An entertaining mashup of history and fantasy, with a likably audacious heroine plotting against the Nazis.

Olivia's Story

During World War II, the future of two worlds—human and fairy—depends on a young American woman in this middle-grade novel.

In 1942, Olivia, under 30, is excited about leaving her Wyoming home for New York City. Soon, she gets a job translating German documents and preparing reports for a handsome, late-30s man called only “the major,” although he becomes Mike Layton after further acquaintance. Also working for Mike is Vivian, who’s Olivia’s age; the two become good friends and roommates. In 1944, Olivia and Vivian are taking a walk when a car mows into them, killing Vivian. It’s no accident; Olivia recognizes the driver, a co-worker, who must be a German spy. A month later, Mike departs for London, leaving Olivia in charge. Then one night, a delicate, winged blue woman brings Olivia life-changing news: “We need your help. Soon the future of the world is to be placed in your hands.” In the fairy realm, called Fridsamt, Olivia is asked to join the Fairy Alliance, become protector of the realm, rescue Mike from his German captors, and defeat the evil Gray Jinn who’s aiding the Nazis—perhaps to develop an atomic weapon. With the help of some fairy inventions, Olivia becomes governess at a German colonel’s home and carries out her bold and risky plans. Dahl (Bugga’s Tales, 2015, etc.) packs a lot of action into this fast-moving story. Olivia is clever, patient, and brave, with a certain spunky American flair: having outfoxed a sneering German general, she ruffles his hair and runs whistling up the stairs. She seems much younger than nearly 30, but that’s a quibble. The uncredited illustrations add a nice touch with their vintage-comics style. As with the Indiana Jones film series, the paranormal plays well with Nazis and their often-cartoonish evil. But given the very real evil of Nazi death camps, readers may wonder why Olivia and the fairies aren’t more concerned about stopping that horror rather than focusing on Britain’s vulnerability to bombs.

An entertaining mashup of history and fantasy, with a likably audacious heroine plotting against the Nazis. 

Pub Date: June 10, 2016

ISBN: 978-1-4834-5172-5

Page Count: 174

Publisher: Lulu

Review Posted Online: Sept. 14, 2016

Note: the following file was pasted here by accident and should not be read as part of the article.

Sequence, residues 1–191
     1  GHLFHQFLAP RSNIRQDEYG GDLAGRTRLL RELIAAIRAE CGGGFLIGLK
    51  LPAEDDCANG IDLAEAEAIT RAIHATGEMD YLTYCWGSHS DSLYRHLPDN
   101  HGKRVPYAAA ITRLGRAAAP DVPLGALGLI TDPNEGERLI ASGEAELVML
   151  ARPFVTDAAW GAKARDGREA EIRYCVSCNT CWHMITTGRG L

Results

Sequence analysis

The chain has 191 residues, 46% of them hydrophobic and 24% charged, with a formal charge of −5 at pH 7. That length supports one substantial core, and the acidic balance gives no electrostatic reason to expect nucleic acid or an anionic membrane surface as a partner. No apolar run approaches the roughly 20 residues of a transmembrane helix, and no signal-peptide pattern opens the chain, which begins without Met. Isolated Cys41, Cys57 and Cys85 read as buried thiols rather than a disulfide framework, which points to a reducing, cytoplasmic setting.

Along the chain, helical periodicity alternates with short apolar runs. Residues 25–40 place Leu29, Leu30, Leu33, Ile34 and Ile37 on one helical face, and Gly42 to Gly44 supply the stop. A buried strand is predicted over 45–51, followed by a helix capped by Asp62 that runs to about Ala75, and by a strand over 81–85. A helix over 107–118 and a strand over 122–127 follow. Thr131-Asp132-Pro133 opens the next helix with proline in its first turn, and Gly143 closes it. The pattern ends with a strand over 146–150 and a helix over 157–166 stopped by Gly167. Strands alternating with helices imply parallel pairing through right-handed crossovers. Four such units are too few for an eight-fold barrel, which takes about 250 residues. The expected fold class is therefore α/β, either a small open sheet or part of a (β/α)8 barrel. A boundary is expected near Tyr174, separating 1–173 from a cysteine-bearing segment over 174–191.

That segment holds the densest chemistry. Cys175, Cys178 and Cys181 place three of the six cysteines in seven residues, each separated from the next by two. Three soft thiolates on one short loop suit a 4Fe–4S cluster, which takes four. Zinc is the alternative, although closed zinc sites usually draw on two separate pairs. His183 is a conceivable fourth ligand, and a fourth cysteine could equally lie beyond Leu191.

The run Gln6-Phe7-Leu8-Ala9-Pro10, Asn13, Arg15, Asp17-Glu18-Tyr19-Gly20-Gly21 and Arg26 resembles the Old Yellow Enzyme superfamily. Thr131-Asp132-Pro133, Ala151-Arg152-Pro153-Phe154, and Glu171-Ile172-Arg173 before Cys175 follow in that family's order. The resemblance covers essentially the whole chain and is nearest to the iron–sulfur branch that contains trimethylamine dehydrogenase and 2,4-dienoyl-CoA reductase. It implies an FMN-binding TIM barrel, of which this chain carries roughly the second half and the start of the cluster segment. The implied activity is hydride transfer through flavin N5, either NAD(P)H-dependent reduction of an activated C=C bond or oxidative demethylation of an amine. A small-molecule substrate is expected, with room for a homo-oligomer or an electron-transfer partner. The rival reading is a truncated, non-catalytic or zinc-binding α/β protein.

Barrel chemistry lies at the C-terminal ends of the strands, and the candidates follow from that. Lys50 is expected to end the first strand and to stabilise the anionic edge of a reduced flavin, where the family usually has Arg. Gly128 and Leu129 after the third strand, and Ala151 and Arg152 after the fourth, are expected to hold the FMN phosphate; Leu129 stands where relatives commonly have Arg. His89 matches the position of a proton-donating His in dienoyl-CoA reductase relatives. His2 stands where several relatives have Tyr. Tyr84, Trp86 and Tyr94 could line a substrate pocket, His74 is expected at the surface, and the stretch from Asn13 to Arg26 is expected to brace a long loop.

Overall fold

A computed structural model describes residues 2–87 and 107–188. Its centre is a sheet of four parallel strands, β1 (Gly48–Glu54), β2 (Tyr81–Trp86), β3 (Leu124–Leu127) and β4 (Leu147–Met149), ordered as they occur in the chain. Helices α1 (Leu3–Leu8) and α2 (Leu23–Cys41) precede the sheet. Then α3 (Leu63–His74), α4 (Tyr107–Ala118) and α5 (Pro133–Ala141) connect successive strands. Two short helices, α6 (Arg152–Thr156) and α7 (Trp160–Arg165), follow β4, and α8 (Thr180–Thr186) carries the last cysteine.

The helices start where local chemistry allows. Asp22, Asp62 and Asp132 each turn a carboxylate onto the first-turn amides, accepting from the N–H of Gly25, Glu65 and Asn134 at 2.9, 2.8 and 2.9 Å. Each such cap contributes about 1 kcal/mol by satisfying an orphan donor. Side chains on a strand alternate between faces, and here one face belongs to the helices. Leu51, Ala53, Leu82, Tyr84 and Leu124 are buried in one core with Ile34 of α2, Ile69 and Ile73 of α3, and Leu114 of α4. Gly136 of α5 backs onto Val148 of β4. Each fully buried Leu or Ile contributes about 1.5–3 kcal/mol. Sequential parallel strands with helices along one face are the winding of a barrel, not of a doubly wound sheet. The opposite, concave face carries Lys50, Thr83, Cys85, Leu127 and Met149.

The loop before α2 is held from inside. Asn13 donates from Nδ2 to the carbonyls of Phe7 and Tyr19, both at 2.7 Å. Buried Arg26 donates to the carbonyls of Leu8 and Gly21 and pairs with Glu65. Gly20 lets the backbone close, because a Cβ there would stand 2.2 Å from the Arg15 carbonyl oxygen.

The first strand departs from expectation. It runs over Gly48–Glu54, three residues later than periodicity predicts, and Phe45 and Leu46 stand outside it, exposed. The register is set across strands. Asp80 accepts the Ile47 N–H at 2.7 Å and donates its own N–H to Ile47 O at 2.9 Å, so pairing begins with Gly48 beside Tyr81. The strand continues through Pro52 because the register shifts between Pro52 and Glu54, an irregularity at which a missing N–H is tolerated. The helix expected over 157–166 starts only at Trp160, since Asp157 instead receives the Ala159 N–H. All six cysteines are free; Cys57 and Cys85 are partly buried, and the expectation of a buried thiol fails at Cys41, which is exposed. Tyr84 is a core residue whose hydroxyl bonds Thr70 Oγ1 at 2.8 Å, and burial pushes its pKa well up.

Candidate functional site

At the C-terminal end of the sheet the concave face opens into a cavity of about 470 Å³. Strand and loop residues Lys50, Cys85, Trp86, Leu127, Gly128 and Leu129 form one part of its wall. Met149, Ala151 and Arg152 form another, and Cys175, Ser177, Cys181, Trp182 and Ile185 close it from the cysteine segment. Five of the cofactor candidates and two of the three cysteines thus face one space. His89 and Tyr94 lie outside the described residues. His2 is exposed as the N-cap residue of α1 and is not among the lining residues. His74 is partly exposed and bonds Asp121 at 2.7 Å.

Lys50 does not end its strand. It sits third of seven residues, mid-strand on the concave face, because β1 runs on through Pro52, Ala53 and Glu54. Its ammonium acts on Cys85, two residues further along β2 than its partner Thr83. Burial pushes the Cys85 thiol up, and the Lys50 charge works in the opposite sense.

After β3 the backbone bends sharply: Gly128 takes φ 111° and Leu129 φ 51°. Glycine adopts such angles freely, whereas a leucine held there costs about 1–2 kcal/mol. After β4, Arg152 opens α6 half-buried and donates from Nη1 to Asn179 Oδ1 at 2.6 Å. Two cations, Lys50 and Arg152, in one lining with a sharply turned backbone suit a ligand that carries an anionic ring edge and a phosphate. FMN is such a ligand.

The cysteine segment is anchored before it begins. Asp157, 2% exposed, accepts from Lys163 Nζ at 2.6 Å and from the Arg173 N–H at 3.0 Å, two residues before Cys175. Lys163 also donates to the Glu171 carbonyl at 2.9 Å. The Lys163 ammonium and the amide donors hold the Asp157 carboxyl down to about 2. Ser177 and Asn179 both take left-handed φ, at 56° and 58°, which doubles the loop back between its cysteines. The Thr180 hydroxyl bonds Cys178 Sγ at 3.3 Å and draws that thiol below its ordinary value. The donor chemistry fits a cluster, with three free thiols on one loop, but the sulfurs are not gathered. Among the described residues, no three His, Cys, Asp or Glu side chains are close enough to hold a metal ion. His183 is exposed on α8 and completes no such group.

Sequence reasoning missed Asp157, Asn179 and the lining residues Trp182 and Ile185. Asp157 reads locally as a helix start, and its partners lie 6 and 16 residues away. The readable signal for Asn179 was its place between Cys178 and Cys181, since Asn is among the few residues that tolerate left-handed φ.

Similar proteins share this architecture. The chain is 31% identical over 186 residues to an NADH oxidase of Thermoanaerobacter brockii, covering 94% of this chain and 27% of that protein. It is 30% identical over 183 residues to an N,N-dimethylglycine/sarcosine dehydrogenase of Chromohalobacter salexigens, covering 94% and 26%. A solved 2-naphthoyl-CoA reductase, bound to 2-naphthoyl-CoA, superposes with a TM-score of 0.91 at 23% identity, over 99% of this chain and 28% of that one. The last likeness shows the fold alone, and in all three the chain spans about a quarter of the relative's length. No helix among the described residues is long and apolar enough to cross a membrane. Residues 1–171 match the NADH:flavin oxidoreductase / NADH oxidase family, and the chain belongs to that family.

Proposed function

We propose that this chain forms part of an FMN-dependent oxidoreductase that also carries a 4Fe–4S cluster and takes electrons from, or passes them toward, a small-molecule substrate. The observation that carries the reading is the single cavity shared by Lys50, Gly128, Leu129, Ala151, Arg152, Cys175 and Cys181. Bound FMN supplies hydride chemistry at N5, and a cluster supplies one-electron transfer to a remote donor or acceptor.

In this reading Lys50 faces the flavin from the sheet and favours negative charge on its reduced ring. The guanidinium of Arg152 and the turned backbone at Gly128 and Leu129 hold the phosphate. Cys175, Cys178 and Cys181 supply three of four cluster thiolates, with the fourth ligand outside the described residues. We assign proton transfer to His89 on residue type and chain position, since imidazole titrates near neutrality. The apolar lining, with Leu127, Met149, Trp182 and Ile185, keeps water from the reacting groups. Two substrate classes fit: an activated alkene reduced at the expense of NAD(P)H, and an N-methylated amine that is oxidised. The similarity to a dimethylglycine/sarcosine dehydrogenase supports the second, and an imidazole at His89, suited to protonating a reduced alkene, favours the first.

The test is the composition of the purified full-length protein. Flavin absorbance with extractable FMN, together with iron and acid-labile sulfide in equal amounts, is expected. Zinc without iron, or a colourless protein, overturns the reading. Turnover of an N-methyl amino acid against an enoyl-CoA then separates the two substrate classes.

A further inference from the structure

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ABIYOYO RETURNS

The seemingly ageless Seeger brings back his renowned giant for another go in a tuneful tale that, like the art, is a bit sketchy, but chockful of worthy messages. Faced with yearly floods and droughts since they’ve cut down all their trees, the townsfolk decide to build a dam—but the project is stymied by a boulder that is too huge to move. Call on Abiyoyo, suggests the granddaughter of the man with the magic wand, then just “Zoop Zoop” him away again. But the rock that Abiyoyo obligingly flings aside smashes the wand. How to avoid Abiyoyo’s destruction now? Sing the monster to sleep, then make it a peaceful, tree-planting member of the community, of course. Seeger sums it up in a postscript: “every community must learn to manage its giants.” Hays, who illustrated the original (1986), creates colorful, if unfinished-looking, scenes featuring a notably multicultural human cast and a towering Cubist fantasy of a giant. The song, based on a Xhosa lullaby, still has that hard-to-resist sing-along potential, and the themes of waging peace, collective action, and the benefits of sound ecological practices are presented in ways that children will both appreciate and enjoy. (Picture book. 5-9)

Pub Date: Oct. 1, 2001

ISBN: 0-689-83271-0

Page Count: 40

Publisher: Simon & Schuster

Review Posted Online: May 20, 2010

Kirkus Reviews Issue: Sept. 15, 2001

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MORNING GIRL

Like the quiet lap of waves on the sand, the alternating introspections of two Bahamian island children in 1492. Morning Girl and her brother Star Boy are very different: she loves the hush of pre-dawn while he revels in night skies, noise, wind. In many ways they are antagonists, each too young and subjective to understand the other's perspective—in contrast to their mother's appreciation for her brother. In the course of these taut chapters concerning such pivotal events as their mother's losing a child, the arrival of a hurricane, or Star Boy's earning the right to his adult name, they grow closer. In the last, Morning Girl greets— with cordial innocence—a boat full of visitors, unaware that her beautifully balanced and textured life is about to be catalogued as ``very poor in everything,'' her island conquered by Europeans. This paradise is so intensely and believably imagined that the epilogue, quoted from Columbus's diary, sickens with its ominous significance. Subtly, Dorris draws parallels between the timeless chafings of sibs set on changing each other's temperaments and the intrusions of states questing new territory. Saddening, compelling—a novel to be cherished for its compassion and humanity. (Fiction. 8+)

Pub Date: Sept. 14, 1992

ISBN: 1-56282-284-5

Page Count: 80

Publisher: Hyperion

Review Posted Online: May 20, 2010

Kirkus Reviews Issue: Aug. 15, 1992

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